Mind reader

  • 25
  • May

Tony Brown of the library and heritage service on reading and mental health

IslingtonLife talks to Tony Brown, library and heritage service stock and reader development manager for Islington Council, about the links between reading and mental health

Can reading be good for your mental health?
There are a range of benefits of reading. For example, studies have shown that those who read for pleasure have higher levels of self-esteem and are better able to cope with difficult situations. Bibliotherapy (books as therapy) can also support people’s wellbeing and mental health. For example, self-help treatment programmes can benefit people with social anxiety disorder. One study about depression found that the use of cognitive behavioural therapy (CBT) through guided self-help, in combination with regular GP care, is much more effective than treatment as usual.

Research funded by Arts Council England in 2015 found that after looking a wide range of factors, library use is positively associated with wellbeing, with library users having higher life satisfaction, happiness and a sense of purpose in life.

The theme of Mental Health Awareness Week 2022 is loneliness. Can reading help with that?
Loneliness is a huge issue, and it has been made worse by the Covid-19 pandemic. People have had less meaningful contact with others, less informal and formal support, alongside increased anxiety. Loneliness can be hugely detrimental to people’s health and wellbeing – it can be as bad for your health as obesity or smoking.

We know that reading books can help people feel less lonely, which is why reading – on your own or in a group – is more important than ever. Shared reading groups can help people to feel calmer and more relaxed, as well as build a sense of shared community and common purpose. It can also ease some common symptoms of dementia. Taking part in library activities involving books, songs, rhymes and poetry has been found to have positive mental health benefits for parents, too.

Which books would you recommend to people who are struggling with poor mental health?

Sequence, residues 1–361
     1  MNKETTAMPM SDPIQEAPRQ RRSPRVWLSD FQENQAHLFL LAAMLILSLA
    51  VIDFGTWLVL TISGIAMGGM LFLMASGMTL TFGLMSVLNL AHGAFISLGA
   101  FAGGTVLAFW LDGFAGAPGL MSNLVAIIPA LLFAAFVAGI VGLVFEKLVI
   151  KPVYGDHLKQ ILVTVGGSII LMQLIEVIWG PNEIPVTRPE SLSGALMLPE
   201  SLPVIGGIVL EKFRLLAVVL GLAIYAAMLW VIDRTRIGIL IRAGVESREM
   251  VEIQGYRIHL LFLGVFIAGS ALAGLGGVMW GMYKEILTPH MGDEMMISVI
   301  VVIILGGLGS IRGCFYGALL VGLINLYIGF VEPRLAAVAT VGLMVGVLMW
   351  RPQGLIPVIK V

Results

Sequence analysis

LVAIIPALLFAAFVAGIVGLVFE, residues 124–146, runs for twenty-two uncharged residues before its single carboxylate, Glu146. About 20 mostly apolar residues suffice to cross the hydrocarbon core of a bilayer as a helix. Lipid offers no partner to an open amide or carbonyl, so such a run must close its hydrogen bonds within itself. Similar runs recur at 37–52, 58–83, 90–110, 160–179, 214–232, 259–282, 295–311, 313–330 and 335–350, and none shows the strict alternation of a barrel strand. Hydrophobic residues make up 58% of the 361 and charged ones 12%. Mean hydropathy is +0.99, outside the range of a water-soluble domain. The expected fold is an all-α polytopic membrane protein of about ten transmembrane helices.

We work very closely with The Reading Agency – in particular on the Reading Well, which is delivered by The Reading Agency in partnership with Libraries Connected and funded by Arts Council England. Reading Well helps people to understand and manage their health and wellbeing by putting together reading lists of books which have been recommended by health experts and people who have struggled with their own mental health. The books are free to borrow from your local library.

There are currently three lists for mental health: reading well for mental health for adults; reading well for children and reading well for young people . A new list will launch in autumn this year, focusing on young people’s mental health after Covid. They’ve also put together book lists for people with long-term health issues, called ‘reading well for long-term conditions’ and a book list specifically for people living with dementia. All our libraries have copies of the books in these collections. For other booklists, have a look at the Islington Libraries website.

Are there any other benefits of reading?
Reading has long been known to help people relax – for example, it has a role in helping people get off to a good night’s sleep. It helps you to focus on what’s in front of you, acting as a distraction and helping to break anxiety ‘loops’. Reading for as little as six minutes is enough to reduce stress levels. It slows the heartbeat, relaxes your muscles, and alters your state of mind.

Reading for pleasure is more important for children’s development than their parents’ level of education. It’s a powerful factor when it comes to life achievement and has been shown to boost children’s literacy skills more than formal lessons. It also improves empathy, self-understanding, and the ability to understand your own and other people’s identities.

What are you reading at the moment?
I am reading Young Mungo, the latest novel by the Booker Prize winner Douglas Stuart. It’s about working-class life and the deeply moving story of two young men, Mungo and James. You can get it from your local library!

Latest Discover Islington blog
Back to Discover Islington blog